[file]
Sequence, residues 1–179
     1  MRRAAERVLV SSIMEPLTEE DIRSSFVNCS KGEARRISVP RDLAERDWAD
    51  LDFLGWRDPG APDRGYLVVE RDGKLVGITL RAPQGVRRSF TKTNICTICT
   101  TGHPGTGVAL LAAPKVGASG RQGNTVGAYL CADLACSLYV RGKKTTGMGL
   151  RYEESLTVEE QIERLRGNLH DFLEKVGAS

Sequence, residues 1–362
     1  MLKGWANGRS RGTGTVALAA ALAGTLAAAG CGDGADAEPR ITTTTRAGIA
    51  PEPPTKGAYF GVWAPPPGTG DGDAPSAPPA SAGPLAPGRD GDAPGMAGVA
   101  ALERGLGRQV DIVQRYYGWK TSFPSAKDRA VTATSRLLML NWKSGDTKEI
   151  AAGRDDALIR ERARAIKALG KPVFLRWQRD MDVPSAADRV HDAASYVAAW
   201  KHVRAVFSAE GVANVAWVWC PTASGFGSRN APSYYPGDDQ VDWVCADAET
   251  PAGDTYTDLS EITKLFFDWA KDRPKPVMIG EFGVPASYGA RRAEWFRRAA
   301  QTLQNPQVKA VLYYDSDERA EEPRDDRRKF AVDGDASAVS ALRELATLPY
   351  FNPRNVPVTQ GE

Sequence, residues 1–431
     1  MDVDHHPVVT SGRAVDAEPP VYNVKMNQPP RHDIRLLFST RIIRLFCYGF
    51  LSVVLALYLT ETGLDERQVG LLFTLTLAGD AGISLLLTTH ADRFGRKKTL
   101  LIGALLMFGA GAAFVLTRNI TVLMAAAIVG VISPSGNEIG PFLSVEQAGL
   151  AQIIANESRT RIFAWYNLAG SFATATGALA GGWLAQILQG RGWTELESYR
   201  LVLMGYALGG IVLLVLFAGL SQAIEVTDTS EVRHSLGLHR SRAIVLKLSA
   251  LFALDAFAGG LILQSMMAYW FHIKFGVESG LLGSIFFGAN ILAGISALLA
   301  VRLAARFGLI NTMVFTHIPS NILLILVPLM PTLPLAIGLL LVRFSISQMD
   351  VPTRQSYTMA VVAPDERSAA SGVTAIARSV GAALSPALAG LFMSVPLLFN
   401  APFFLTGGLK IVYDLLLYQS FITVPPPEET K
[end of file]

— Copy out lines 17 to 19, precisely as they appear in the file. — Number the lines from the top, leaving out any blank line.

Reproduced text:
    51  LSVVLALYLT ETGLDERQVG LLFTLTLAGD AGISLLLTTH ADRFGRKKTL
   101  LIGALLMFGA GAAFVLTRNI TVLMAAAIVG VISPSGNEIG PFLSVEQAGL
   151  AQIIANESRT RIFAWYNLAG SFATATGALA GGWLAQILQG RGWTELESYR